Fall is here once again! A new school year, changing leaves, football games, and pumpkin pie are just a few of the good things we associate with the change of season. This year why not add reading to your list of fall favorites? If your little ones have lost their love of reading, autumn is the perfect time to rekindle a reading romance. Get ready – It’s time to “fall” in love with reading!
- Shade Tree Reading – One of the best things about the fall season is the reds, yellows, and oranges of the changing leaves. Enjoy nature’s beauty and a good book this autumn. Grab a blanket and book and settle in under the prettiest tree in the park. By the way, I hear a shade tree is also a great place to grab a nap as well!
- Football-Themed Books – Nothing signals the commencement of fall like the beginning of football season. If your little one is a football fan encourage his interest with a football-themed book. Check out this list of fun books about football from Fantastic Fun and Learning.
- Cocoa and a Book- Sometimes a cold snap accompanies the autumn season. If your neck of the woods experiences an unseasonably chilly day, have some indoor fun at your local bookstore. Peruse the bookshelves with your kiddo then enjoy a hot cup of cocoa together afterwards! An occasional visit to the bookstore (along with some special time with mom and dad) will go a long way in encouraging your kiddo to read.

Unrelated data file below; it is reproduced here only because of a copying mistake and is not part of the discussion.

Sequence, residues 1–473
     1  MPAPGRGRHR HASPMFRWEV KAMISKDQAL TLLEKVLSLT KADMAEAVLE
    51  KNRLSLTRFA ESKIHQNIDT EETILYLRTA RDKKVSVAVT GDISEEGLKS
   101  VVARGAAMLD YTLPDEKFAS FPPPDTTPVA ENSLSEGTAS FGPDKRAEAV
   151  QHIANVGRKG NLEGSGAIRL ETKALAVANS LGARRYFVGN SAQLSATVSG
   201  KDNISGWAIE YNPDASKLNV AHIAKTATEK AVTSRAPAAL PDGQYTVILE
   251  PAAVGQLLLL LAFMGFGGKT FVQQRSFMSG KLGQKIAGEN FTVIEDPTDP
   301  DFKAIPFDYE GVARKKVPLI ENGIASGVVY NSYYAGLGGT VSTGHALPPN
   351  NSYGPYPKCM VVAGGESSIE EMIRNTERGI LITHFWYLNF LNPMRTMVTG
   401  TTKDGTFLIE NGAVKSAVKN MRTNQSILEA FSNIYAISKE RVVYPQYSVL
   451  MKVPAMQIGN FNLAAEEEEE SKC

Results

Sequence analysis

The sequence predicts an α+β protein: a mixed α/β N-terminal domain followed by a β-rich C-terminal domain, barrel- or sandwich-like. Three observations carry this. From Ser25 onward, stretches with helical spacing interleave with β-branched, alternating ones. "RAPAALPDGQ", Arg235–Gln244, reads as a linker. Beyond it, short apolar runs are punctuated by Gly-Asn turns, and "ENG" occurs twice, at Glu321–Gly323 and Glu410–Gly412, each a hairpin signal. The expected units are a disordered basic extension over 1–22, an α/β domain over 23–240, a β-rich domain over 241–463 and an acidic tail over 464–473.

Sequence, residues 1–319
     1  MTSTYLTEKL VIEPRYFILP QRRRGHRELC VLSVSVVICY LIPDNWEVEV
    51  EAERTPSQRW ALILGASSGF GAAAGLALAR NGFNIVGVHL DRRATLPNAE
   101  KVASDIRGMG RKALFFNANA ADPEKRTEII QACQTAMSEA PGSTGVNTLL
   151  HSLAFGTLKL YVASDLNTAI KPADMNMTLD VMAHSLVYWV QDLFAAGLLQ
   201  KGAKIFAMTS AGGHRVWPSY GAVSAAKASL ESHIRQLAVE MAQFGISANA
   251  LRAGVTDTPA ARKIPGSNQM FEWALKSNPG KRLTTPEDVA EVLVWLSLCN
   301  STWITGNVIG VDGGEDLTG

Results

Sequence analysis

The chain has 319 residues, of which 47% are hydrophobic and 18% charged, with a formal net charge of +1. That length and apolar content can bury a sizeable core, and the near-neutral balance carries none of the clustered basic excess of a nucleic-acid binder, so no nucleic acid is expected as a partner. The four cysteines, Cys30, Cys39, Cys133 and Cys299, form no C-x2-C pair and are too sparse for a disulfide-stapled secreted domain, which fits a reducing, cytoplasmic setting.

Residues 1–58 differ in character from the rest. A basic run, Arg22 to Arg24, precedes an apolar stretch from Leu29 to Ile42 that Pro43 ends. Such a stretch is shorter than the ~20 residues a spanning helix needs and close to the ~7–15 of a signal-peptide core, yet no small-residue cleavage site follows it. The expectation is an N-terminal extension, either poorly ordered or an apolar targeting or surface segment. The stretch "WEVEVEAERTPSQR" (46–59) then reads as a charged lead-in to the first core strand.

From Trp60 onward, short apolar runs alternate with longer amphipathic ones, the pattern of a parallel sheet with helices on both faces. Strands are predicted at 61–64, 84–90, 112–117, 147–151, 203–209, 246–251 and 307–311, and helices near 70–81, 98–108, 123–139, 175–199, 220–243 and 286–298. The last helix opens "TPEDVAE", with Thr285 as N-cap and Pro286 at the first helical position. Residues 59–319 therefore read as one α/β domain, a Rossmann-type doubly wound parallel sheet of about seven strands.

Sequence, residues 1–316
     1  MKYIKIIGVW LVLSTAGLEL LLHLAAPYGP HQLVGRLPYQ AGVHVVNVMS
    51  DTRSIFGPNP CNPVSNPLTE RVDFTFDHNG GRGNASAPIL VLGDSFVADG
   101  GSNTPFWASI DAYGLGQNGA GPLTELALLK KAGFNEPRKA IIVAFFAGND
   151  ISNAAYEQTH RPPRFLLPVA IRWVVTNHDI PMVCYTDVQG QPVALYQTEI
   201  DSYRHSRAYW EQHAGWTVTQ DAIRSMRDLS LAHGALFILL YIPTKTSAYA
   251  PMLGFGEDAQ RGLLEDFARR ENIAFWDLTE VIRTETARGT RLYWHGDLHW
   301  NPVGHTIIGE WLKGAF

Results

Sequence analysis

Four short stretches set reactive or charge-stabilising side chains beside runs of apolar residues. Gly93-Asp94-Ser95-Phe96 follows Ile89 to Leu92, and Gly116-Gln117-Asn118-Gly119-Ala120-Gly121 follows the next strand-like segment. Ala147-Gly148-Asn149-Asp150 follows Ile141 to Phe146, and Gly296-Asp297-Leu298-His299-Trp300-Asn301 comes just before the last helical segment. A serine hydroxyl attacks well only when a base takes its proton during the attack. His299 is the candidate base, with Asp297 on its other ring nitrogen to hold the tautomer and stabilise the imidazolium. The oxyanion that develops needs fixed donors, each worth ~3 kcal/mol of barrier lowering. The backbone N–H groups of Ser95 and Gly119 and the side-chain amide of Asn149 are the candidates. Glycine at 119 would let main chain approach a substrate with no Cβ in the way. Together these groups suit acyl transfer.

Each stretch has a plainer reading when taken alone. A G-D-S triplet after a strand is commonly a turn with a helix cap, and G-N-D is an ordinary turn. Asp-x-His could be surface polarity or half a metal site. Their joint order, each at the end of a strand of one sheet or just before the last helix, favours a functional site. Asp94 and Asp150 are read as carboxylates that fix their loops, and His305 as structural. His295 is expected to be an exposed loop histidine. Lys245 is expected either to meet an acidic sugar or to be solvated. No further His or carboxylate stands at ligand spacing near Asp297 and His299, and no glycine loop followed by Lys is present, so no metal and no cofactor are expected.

- Reading in the Woods – Would your child rather ramble around outside instead of reading a book? Then sneak a little reading into her day! Pick up a field guide from the local library and head out into the woods. Have your child identify the leaves and read descriptions from the guide aloud to you. She’ll be having so much fun she won’t realize she’s met her daily reading quota!
- Camp Fire and a Spooky Story! – Nothing beats roasting marshmallows over a camp fire in the fall. Campfires also make the perfect backdrop for a spooky story. Check out a scary story from the library and read it aloud to the kiddos while sitting around the fire. If your little ones don’t enjoy a good scare, then choose a fall-themed book to read instead. The fire will warm their bodies and the book will warm their heart!
Red Apple Reading wishes you and your family a wonderful autumn! Be sure to make the most of your fall and add a hardy dose of reading to your child’s plate. Once they’ve developed a taste for the written word they will be reading all year long!
If you are a parent of young children, you may be wondering about the role reading should play in your child’s daily routine. After all, most kids don’t become independent readers until they reach elementary school. However, that doesn’t mean that parents should wait until their children are school-age to emphasize the importance of literacy. It is never too early to teach your child the value of reading! Red Apple Reading has some helpful hints for developing literacy skills in each stage of early childhood development.